How We Read Now – Six Highlights From the NEA’s Report

The National Endowment for the Arts released a report last week with new details on how Americans interacted with art and literature in 2012. The good news is Youtube, Facebook, and Lolcats haven't completely killed off the urge to read; the bad news is we're reading less than we did 10 years ago.

How We Read Now - Six Highlights From the NEA's Report surveys & polls

  • The report found that 46.9% of the survey respondents read a work of literature (novel, poetry, play, Twilight) in 2012. That's down from 2008 (50.2%) and it's down considerably from the 1992 survey (54.2%) and the 1982 survey (56.4%).
  • But on the upsidem many of the people that stopped reading literature seem to have instead switched to reading nonfiction; the overall rate of discretionary reading has not changed since this survey was last conducted in 2008.
  • Women are reading even more literature than men (56% vs 36.9%) than in past surveys; the number of men who reported reading a work of literature dropped by 5 percentage points.
  • The age groups under 55 years old are all reading less than in 2008, while those older than 55 are reading more. I blame ereaders.
  • Far fewer people read poetry in 2012 than in 2002 (12.1% vs 6.7%), but the number of people reading novels has remained constant (45.1%).

How We Read Now - Six Highlights From the NEA's Report surveys & polls And finally, this report showed that there were millions of self-taught writers out there. Almost 6 percent of respondents are writing creative with about half sharing their work with the world, but in the past year only 2% took a class to learn how to write. In fact, writing outranked creating music, visual art, or films as the most popular artistic pursuit, though of course all were surpassed by photography, which 15.3% of respondents reported sharing publicly.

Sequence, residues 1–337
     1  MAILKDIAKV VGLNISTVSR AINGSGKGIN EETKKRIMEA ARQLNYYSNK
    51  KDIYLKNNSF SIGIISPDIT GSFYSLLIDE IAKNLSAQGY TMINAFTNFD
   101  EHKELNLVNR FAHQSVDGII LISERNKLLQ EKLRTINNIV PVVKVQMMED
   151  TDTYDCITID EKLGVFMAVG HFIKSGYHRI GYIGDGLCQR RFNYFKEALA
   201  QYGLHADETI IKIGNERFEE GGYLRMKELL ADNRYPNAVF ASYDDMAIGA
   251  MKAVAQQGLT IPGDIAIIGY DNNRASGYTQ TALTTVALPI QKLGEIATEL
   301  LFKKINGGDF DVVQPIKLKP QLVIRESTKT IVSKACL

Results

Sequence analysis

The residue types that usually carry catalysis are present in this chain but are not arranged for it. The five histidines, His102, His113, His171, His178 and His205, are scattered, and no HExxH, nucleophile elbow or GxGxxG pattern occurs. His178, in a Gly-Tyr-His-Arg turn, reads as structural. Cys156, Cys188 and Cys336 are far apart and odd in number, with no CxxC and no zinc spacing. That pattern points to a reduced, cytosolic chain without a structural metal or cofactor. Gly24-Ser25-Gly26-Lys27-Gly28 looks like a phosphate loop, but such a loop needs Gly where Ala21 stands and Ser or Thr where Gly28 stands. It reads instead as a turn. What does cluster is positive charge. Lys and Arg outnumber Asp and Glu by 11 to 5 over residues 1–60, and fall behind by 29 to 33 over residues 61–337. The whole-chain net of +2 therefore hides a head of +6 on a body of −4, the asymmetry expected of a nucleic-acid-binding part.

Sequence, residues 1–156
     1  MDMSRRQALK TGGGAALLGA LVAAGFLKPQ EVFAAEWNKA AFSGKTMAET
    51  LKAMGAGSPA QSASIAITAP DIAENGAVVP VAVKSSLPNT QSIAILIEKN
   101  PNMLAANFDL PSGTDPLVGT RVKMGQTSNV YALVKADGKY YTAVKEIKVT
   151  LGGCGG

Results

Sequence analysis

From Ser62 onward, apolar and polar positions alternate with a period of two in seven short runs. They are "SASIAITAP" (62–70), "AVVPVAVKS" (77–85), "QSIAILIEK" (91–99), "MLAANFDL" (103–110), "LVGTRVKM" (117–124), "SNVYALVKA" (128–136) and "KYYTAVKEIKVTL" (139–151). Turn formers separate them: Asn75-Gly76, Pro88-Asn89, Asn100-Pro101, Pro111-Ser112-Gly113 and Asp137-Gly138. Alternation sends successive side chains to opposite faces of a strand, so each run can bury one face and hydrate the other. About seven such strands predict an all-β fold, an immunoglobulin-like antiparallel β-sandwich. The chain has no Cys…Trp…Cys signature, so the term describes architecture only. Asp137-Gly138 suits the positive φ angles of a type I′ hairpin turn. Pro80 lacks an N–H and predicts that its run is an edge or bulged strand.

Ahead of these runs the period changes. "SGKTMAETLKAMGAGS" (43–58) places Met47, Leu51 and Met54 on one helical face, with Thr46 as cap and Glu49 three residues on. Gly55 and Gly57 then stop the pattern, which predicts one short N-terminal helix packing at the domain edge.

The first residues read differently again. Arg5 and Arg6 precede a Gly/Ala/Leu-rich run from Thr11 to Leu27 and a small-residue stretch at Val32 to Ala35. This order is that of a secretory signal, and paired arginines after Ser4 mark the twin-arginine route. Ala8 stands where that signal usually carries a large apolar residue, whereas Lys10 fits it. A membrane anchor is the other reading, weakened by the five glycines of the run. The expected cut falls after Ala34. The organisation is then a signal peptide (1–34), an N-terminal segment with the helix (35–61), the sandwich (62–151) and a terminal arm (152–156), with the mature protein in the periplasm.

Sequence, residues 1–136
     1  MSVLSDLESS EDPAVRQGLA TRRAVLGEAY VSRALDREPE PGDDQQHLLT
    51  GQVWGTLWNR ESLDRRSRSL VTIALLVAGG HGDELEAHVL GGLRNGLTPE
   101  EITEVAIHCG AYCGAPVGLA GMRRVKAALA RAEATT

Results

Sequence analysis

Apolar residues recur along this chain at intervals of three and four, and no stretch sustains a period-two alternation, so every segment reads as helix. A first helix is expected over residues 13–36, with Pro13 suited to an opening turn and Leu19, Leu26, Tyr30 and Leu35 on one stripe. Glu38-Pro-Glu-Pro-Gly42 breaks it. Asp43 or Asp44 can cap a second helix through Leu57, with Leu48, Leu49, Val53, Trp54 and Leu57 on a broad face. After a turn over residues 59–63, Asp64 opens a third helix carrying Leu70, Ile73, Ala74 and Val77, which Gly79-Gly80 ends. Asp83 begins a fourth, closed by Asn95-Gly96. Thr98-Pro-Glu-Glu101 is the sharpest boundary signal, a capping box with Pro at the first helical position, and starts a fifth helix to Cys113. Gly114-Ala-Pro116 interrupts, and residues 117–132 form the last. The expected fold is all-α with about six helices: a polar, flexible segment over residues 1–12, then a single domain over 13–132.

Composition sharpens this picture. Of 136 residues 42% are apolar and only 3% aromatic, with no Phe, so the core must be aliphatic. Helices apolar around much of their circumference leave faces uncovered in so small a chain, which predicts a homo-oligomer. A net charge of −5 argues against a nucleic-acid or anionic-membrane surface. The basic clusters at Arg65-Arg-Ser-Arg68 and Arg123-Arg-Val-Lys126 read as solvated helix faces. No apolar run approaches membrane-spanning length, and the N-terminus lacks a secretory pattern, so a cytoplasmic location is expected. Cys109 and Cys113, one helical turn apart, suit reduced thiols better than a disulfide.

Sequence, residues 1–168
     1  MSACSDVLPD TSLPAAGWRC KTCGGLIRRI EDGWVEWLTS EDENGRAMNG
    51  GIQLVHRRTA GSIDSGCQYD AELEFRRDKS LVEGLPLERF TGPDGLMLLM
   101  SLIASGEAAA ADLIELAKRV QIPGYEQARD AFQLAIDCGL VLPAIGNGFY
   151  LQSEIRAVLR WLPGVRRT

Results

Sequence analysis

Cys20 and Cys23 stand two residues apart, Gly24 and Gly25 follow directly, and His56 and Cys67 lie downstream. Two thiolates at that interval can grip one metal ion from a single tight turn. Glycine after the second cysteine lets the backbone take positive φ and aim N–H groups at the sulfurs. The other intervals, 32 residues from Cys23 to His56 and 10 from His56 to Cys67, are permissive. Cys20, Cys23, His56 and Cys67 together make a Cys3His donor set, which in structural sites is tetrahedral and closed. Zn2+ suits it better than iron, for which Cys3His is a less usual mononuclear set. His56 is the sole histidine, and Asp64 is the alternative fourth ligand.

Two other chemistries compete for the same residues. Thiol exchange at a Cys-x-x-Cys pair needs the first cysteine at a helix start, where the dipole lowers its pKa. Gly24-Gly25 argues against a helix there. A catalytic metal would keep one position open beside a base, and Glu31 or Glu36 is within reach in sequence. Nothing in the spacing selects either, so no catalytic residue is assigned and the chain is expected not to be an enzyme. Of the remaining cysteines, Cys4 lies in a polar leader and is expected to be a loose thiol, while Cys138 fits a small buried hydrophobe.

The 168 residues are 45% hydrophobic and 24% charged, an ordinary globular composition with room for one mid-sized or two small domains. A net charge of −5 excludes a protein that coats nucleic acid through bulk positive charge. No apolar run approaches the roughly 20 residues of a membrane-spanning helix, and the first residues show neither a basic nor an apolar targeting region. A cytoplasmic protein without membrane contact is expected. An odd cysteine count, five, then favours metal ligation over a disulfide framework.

I had always suspected that writing was more of a self-taught skill than anything, and now I can see that 5.9% of Americans are testing that idea empirically.

image by Bright Meadow, Arria Belli

About Nate Hoffelder (9950 Articles)
Nate Hoffelder is the founder and editor of The Digital Reader:He's here to chew bubble gum and fix broken websites, and he is all out of bubble gum. He has been blogging about indie authors since 2010 while learning new tech skills at the drop of a hat. He fixes author sites, and shares what he learns on The Digital Reader's blog. In his spare time, he fosters dogs for A Forever Home, a local rescue group.

3 Comments on How We Read Now – Six Highlights From the NEA’s Report

  1. PDF link seems to be unreachable. Might there be another copy that you could link to?

    • I replaced it.

      The link was still valid, so I don’t know why it didn’t work for you. Weird.

      Edit: And thanks for pointing out the problem.

      • It still doesn’t work. I get a the message that the browser could not connect to the server. I tried again via the anonymouse.org proxy and could at least see that there is a page that seems to have your original link, which I could not download, however, since the limited free proxy said, the file was too big. I don’t know what they’re doing at that arts.gov server, but since I can connect there through a proxy, it would appear that they don’t like me for whatever reason. Strange.

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